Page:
Great article on the death of "Big Law."
by milhouse (2013-07-23 16:09:51)
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Of all the occupational golden ages to come and go in the twentieth century—for doctors, journalists, ad-men, autoworkers—none lasted longer, felt cushier, and was all in all more golden than the reign of the law partner.

There was the generous salary, the esteem of one’s neighbors, work that was more intellectual than purely commercial. Since clients of white-shoe firms typically knocked on their doors and stayed put for decades—one lawyer told me his ex-firm had a committee to decide which clients to accept—the partner rarely had to hustle for business. He could focus his energy on the legal pursuits that excited his analytical mind.

Above all, there was stability. The firms practiced a benevolent paternalism. They paid for partners to join lunch and dinner clubs and loaned them money to buy houses. When a lawyer had a drinking problem, the firm sent him off for treatment at its own expense. Layoffs were unheard of.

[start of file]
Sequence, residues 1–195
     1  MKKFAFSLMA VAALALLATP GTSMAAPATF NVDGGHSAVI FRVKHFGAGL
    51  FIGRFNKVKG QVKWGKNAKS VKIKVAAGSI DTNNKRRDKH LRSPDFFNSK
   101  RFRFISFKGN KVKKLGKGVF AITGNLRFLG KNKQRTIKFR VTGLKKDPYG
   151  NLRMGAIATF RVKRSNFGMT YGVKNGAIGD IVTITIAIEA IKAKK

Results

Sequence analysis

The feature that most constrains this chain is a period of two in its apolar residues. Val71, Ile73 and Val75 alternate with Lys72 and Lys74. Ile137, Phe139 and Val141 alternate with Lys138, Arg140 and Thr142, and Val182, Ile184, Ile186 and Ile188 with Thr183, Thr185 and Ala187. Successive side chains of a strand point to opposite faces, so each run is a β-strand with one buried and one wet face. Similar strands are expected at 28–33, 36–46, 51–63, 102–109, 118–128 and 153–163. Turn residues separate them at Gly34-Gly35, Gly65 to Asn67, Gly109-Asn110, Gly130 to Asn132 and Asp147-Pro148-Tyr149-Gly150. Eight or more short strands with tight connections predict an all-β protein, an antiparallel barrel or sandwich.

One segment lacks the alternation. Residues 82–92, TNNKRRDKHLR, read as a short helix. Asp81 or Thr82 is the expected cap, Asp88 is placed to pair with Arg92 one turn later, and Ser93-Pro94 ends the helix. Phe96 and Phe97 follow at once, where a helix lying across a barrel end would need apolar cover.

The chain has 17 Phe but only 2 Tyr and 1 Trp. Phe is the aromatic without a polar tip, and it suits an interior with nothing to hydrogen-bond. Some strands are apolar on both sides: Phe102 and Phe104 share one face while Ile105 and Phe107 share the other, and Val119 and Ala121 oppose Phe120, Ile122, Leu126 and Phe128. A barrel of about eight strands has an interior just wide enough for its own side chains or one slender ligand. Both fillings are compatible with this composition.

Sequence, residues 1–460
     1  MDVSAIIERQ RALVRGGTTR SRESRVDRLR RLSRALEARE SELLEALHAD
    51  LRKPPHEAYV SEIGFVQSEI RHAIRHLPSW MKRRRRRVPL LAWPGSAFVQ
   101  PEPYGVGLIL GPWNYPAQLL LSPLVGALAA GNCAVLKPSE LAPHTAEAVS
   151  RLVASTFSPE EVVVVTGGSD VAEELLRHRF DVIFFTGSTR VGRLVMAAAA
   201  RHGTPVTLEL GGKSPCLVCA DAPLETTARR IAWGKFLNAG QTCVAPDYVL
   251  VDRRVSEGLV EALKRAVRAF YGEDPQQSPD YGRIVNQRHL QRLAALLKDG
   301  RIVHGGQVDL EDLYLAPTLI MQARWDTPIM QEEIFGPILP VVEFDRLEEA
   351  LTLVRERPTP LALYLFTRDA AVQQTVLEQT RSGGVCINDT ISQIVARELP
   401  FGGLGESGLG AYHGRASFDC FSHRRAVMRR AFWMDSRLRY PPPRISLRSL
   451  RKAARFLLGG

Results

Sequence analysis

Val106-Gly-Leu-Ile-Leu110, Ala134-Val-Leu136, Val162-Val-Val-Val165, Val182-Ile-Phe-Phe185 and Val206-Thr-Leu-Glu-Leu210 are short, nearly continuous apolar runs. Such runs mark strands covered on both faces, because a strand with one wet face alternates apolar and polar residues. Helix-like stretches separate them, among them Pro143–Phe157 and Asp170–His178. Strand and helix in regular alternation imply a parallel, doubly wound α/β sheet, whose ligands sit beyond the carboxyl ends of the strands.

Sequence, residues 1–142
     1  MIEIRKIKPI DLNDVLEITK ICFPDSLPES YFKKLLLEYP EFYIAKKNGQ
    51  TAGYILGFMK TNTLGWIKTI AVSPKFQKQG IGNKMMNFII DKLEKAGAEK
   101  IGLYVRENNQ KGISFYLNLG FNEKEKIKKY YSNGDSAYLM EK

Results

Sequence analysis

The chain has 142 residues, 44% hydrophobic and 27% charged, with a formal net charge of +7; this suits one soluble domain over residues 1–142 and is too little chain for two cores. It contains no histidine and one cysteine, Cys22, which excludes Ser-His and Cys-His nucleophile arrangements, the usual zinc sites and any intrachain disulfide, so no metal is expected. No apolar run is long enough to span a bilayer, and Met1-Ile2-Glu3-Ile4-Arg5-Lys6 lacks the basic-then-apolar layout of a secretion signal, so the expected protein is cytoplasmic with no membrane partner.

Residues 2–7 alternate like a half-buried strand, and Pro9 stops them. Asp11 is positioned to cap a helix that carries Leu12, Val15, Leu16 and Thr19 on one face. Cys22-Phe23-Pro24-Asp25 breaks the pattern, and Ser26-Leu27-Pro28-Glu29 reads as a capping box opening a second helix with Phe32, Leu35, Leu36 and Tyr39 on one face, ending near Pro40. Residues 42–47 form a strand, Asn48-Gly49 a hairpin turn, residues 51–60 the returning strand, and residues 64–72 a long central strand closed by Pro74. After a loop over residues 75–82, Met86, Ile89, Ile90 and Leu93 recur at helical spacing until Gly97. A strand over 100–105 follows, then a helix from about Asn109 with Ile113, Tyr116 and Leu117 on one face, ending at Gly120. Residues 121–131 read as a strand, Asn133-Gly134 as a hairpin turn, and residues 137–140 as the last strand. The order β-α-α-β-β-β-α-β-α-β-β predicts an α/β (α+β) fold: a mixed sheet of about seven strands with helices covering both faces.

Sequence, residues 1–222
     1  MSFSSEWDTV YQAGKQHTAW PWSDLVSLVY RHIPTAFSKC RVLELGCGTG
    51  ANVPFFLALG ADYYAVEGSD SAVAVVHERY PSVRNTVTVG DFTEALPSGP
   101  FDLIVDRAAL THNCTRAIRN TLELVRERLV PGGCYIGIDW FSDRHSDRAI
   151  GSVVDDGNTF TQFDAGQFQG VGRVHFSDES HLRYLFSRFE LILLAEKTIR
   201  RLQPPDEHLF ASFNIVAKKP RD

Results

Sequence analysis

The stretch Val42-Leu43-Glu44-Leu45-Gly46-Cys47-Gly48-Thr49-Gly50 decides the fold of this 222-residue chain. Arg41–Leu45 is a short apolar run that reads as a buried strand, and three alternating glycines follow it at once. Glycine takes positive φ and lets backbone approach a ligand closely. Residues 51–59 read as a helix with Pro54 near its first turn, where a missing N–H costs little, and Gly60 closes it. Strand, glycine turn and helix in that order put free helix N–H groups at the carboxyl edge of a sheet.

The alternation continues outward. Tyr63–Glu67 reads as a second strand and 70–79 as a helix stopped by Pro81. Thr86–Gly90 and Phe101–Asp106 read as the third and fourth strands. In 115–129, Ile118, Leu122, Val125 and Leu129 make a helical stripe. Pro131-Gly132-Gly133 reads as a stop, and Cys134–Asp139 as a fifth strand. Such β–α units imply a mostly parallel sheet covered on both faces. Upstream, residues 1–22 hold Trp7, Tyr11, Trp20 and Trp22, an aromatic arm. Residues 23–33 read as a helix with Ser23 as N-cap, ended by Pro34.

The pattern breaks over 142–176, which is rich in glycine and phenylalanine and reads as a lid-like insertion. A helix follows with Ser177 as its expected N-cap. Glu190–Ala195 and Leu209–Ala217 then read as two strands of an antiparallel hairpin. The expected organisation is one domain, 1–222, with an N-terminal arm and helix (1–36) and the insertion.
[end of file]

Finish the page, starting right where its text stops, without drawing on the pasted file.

Perhaps more importantly, the security of the legal profession lodged itself inside our cultural imagination. For generations, the law functioned as a kind of psychological safety net for the ambitious and upwardly mobile. If you wanted to be a writer or an actor or a businessman, you could rest assured that law school would be there if your plans fell through. However much you’d maxed out your credit card, however late you were on your rent, you were never more than an admissions test and six semesters away from upper-middle-class respectability.

“Stable” is not the way anyone would describe a legal career today. In the past decade, twelve major firms with more than 1,000 partners between them have collapsed entirely. The surviving lawyers live in fear of suffering a similar fate, driving them to ever-more humiliating lengths to edge out rivals for business. “They were cold-calling,” says the lawyer whose firm once turned down no-name clients. And the competition isn’t just external. Partners routinely make pitches behind the backs of colleagues with ties to a client. They hoard work for themselves even when it requires the expertise of a fellow partner. They seize credit for business that younger colleagues bring in.




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